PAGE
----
Science fiction is often accused of being The Great Predictor. Which predictions did Golden Age science fiction get right? Which ones were way off the mark?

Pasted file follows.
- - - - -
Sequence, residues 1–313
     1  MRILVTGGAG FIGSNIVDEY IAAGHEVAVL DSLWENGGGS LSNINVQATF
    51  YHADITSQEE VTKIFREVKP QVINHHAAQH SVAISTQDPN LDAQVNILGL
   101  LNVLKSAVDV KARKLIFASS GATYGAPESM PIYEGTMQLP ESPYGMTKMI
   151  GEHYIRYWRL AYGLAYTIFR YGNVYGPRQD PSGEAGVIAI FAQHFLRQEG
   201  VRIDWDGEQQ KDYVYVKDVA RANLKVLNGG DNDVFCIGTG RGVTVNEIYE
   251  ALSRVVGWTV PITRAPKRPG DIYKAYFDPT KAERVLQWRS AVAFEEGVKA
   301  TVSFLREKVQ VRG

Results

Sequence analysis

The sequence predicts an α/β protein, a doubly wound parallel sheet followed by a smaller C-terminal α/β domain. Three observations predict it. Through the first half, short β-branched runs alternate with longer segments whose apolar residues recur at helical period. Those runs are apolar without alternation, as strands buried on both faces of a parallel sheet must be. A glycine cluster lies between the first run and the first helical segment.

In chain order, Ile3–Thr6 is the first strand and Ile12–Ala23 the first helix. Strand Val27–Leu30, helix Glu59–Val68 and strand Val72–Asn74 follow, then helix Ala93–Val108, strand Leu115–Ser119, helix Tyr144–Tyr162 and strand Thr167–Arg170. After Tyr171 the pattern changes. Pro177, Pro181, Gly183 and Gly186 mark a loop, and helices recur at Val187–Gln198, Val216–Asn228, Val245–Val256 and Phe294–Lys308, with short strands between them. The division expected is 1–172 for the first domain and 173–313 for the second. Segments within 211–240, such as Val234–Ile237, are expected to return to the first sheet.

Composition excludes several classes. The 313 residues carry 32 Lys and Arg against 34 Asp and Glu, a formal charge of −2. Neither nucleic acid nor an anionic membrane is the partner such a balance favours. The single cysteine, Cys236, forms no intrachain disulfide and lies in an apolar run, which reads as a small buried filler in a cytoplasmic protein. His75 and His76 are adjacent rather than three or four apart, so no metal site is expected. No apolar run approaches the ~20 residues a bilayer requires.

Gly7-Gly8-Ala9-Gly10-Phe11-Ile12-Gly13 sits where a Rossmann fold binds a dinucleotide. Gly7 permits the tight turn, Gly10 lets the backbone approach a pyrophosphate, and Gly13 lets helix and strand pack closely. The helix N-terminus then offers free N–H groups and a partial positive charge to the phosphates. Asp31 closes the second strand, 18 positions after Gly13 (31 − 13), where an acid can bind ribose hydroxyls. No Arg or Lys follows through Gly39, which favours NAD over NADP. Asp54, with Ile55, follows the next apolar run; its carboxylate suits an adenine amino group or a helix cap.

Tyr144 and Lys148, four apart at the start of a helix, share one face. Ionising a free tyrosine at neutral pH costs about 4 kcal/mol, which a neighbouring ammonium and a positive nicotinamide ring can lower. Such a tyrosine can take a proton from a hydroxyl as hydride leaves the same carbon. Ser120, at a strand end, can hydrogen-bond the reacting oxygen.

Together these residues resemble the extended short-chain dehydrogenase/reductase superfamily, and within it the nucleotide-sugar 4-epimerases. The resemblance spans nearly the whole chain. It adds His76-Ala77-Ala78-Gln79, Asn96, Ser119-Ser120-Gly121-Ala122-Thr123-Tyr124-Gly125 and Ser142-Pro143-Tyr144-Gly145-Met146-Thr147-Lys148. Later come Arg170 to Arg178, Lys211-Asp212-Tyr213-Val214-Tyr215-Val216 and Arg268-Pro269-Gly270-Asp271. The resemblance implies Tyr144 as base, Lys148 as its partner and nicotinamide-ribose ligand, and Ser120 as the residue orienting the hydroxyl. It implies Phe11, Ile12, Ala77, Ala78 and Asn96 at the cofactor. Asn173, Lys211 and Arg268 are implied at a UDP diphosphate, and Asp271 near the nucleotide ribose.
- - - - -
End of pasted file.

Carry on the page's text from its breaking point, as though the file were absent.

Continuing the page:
MR: In terms of essentially trivial things, it predicted plastics, night baseball, waldoes, and half a hundred other things early fans used to point to with pride. I think it missed most of our major breakthroughs: the fall of the Soviet Empire, the cure for polio, the huge influx of Hispanics into the USA, the fact that cancer is less of a killer these days and more of a chronic disease, the near-extinction of the passenger trains that made it possible for us to populate the continent, the emergence of HIV, even the proliferation of computers. The most important off-the-mark was the fact that almost no one predicted that once we got into space, reached the Moon, landed on Mars, the public would be totally uninterested and apathetic.